AAAS Scientific Responsibility, Human Rights and Law Program: Programs–2
Numerous well-established and long term institutional programs exist which are of interest to the geospatial technologies and human rights community. A sample of these are presented here, and AAAS welcomes suggestions for additions. Please email us  with your suggestion and include a link to the program and a brief description of its relevance to geospatial technologies and human rights. Note that Institutional Programs also often host Projects  of relevance, and many of the programs mentioned below are linked to samples of their respective projects.
Map Action 
MapAction is a UK-based NGO that specializes in the deployment of teams to support mapping needs in the event of humanitarian disasters. This group of volunteers has assisted in Burkina Faso after flooding in 2009 and in China after the May 2008 earthquake in Sichuan province.
Open Street Map 
OpenStreetMap is a free editable map of the whole world. It is made by people like you. OpenStreetMap allows you to view, edit and use geographical data in a collaborative way from anywhere on Earth.
The Open Forum on Participatory Geographic Information Systems and Technologies serves as a venue for discussing community and participatory mapping. The Forum’s objective is to provide disadvantaged groups with the resources to improve decision making in the areas of land use planning, property rights, and conservation. Their site provides information on open source GIS alternatives, attaining aerial imagery, and web mapping.
PreventionWeb serves the information needs of the disaster risk reduction community, including the development of information exchange tools to facilitate collaboration. The site covers a wide range of issues, from disaster risk management and early warning, to critical infrastructure and the implications of climate change.
RESPOND Consortium 
The RESPOND Consortium is made up of public and private sector partners who work to disseminate geographic information for the benefit of the humanitarian community. The work of the consortium stems from the GMES joint initiative of the European Space Agency and the European Commission. Since 2004, RESPOND has produced over 400 maps to aid in public health, disaster preparedness, and food security.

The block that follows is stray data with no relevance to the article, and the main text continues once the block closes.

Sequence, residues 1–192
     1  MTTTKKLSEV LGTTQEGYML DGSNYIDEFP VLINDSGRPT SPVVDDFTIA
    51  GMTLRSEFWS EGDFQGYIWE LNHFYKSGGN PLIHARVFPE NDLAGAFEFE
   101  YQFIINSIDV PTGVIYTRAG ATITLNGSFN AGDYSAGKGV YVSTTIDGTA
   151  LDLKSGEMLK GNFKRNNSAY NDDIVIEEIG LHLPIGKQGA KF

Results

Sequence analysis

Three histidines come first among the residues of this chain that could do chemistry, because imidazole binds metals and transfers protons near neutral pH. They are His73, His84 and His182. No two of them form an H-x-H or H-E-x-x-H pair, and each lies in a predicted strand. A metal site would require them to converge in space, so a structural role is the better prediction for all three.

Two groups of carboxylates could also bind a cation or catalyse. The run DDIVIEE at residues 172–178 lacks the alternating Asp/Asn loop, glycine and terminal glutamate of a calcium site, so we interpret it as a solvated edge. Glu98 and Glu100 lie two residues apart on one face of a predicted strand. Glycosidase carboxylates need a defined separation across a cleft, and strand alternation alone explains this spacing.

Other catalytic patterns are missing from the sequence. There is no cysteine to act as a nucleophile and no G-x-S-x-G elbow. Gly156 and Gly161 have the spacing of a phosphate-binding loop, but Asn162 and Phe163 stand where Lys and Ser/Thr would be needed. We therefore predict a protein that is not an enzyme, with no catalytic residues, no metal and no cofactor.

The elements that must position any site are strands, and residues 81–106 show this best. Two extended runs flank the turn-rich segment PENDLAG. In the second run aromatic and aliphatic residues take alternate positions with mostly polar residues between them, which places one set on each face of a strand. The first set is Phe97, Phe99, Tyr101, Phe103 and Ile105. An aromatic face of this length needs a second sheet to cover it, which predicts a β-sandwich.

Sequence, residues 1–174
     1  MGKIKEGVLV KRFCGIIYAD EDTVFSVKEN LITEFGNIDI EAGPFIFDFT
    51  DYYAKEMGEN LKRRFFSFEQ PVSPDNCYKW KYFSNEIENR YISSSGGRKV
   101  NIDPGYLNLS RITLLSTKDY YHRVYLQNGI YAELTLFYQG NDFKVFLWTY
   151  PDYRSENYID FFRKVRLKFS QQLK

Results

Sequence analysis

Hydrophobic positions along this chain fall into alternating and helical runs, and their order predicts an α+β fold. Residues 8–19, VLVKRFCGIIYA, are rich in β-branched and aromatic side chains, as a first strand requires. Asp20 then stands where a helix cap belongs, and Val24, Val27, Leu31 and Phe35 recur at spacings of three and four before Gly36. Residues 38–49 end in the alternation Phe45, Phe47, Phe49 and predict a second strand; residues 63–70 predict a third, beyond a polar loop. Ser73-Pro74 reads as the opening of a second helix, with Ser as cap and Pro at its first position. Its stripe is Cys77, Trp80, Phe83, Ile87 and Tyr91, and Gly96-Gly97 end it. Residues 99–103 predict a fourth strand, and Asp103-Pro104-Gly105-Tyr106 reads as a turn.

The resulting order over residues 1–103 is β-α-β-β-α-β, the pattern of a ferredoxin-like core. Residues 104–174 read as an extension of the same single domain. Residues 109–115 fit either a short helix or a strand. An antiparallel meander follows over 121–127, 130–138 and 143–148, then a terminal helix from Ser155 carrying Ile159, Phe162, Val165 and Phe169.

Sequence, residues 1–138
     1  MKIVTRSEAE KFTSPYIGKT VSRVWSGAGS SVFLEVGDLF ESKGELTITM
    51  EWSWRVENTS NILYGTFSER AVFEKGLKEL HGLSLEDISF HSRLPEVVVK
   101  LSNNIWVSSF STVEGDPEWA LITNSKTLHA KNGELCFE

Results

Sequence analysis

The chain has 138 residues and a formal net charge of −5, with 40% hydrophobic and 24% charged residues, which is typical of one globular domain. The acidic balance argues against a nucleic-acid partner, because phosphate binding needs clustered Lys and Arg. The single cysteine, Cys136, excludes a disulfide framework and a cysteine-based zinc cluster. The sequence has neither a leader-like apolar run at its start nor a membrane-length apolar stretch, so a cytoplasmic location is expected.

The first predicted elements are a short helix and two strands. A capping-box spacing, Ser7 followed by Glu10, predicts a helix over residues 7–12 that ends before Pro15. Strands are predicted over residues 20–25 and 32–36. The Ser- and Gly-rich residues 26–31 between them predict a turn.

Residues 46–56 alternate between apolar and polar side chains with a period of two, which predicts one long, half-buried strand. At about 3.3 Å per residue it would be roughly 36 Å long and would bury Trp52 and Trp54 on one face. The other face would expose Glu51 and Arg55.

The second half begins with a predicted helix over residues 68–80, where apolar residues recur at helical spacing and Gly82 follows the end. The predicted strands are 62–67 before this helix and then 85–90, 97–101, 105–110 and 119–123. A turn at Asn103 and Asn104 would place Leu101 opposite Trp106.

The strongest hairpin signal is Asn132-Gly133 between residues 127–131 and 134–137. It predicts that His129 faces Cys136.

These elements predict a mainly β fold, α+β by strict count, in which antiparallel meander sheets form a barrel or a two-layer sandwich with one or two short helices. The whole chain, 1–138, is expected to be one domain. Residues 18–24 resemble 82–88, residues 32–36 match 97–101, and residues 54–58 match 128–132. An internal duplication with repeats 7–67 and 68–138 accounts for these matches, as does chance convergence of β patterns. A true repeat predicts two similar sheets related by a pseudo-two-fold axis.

Tactical Tech 
Tactical Tech is an international NGO helping human rights advocates use information, communications and digital technologies to maximise the impact of their advocacy work. We provide advocates with guides, tools, training and consultancy to help them develop the skills and tactics they need to increase the impact of their campaigning. We also carry out projects with various advocacy groups ranging from sex worker health and rights to HIV/AIDS access to treatment groups. Tactical Tech’s Mobiles In-a-Box project has how-tos on using cellphones for capturing images, sending messages, and securing information.
UN Office for the Coordination of Humanitarian Affairs 
OCHA is the arm of the UN Secretariat that is responsible for bringing together humanitarian actors to ensure coherent response to emergencies. OCHA also ensures there is a framework within which each actor can contribute to the overall response effort. OCHA’s mission is to mobilise and coordinate effective and principled humanitarian action in partnership with national and international actors in order to alleviate human suffering in disasters and emergencies; advocate for the rights of people in need; promote preparedness and prevention; and facilitate sustainable solutions.
UNOSAT is a service of the United Nations providing satellite imagery and GIS services to the international humanitarian relief and development communities. The organization’s humanitarian rapid mapping service provides imagery processing and mapping support to UN relief and coordination agencies involved in emergency response efforts.
UN ReliefWeb 
ReliefWeb is the world?s leading online gateway to information, documents and maps on humanitarian emergencies and disasters. An independent vehicle of information, designed specifically to assist the international humanitarian community in effective delivery of emergency assistance, it provides timely, reliable and relevant information as events unfold, while emphasizing the coverage of “forgotten emergencies” at the same time. ReliefWeb was launched in October 1996 and is administered by the UN Office for the Coordination of Humanitarian Affairs (OCHA).
Ushahidi, which means ”testimony” in Swahili, is a website that was developed to map reports of violence in Kenya after the post-election fallout at the beginning of 2008. Ushahidi’s roots are in the collaboration of Kenyan citizen journalists during a time of crisis. The new Ushahidi Engine is being created to use the lessons learned from Kenya to create a platform that allows anyone around the world to set up their own way to gather reports by mobile phone, email and the web – and map them. It is being built so that it can grow with the changing environment of (more )…
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